Under a market system, people face built-in incentives to do their best to stay healthy, for they are punished by the price system when something goes wrong. For example, the uninsured think twice before going to the doctor because they have to pay him out of their pocket.

This is as it should be. Even “private” health insurance, where the premiums don’t reflect risk, is a product of government intervention. Initially offered by unions, it was expanded to circumvent wage and price controls.

Insurance only makes sense if it is profitable. And it’s only profitable when the insurer pays out less in claims than he takes in through premiums. To do that, he must put together risk pools of people who will, on average, cost less than their payments. Otherwise insurance is only a mistake or, in the case of government, a welfare subsidy.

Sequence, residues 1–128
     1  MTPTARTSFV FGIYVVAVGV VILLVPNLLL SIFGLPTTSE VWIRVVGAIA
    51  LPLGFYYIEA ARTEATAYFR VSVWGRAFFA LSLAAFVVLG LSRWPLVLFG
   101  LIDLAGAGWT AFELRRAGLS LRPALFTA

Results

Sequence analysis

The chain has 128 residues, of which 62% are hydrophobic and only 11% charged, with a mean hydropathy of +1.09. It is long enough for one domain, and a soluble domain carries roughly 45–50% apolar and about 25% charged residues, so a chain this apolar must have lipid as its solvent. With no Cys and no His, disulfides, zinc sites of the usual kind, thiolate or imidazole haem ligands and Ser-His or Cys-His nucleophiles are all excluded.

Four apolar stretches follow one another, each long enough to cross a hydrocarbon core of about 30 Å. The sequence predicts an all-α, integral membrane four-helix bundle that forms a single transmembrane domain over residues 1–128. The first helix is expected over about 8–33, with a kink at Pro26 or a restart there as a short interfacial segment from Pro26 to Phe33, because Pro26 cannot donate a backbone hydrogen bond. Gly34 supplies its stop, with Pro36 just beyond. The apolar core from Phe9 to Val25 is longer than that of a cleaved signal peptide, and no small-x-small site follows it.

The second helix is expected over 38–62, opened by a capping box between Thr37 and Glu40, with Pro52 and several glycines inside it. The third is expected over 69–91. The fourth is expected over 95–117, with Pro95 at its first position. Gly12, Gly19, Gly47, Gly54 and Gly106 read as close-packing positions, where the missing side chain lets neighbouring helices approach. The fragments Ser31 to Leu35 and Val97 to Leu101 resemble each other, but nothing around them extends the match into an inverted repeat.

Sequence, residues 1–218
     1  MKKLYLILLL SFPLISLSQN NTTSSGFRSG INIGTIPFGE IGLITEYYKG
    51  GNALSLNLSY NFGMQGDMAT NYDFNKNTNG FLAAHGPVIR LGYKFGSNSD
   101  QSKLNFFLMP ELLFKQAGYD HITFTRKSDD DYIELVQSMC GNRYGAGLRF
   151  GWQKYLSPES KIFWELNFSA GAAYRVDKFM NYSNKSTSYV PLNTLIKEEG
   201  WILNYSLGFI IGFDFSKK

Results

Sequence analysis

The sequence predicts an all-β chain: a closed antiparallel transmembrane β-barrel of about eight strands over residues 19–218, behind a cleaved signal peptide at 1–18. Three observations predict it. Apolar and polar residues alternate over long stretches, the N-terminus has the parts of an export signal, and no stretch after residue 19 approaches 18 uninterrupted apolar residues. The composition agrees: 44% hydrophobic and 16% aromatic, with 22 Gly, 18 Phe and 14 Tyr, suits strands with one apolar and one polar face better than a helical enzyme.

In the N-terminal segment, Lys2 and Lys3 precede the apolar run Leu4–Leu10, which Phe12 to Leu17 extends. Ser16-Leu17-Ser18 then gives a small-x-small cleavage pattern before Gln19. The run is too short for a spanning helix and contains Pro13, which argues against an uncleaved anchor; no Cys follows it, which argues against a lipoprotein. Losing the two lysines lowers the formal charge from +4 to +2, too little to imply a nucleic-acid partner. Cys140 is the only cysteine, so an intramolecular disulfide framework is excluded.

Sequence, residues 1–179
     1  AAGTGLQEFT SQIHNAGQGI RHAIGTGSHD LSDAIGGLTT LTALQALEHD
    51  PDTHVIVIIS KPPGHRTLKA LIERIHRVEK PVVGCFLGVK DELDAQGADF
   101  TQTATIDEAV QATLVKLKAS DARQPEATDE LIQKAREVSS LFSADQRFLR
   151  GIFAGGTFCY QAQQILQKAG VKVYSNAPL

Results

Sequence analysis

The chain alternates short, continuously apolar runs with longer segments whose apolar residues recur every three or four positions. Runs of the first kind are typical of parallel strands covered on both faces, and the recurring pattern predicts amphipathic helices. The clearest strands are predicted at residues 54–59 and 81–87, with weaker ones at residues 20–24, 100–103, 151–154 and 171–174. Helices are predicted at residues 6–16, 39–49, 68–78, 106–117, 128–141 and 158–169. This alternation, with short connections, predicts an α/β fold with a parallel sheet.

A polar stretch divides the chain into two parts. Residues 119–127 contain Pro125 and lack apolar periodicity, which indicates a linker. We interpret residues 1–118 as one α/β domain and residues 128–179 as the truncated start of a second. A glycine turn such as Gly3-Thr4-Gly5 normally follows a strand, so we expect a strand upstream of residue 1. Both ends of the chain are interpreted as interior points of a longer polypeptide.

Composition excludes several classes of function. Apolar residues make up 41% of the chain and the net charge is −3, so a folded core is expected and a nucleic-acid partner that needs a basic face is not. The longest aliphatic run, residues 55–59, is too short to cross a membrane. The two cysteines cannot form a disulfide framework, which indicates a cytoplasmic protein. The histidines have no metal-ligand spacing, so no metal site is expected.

Under subsidized insurance, a vast amount of health resources are used up by government on people who prefer crack cocaine to fresh fruit, or television to a brisk walk. This makes neither moral not economic sense.

Every time a new socialist proposal is advanced, I turn to Ludwig von Mises’s Socialism. Written in 1922, it’s still the best guide to the schemes of the Left.

The destructive “aspect of accident and health insurance,” Mises wrote, “lies above all in the fact that such institutions promote accidents and illness, hinder recovery, and very often create, or at any rate intensify and lengthen, the functional disorders which follow illness or accident…..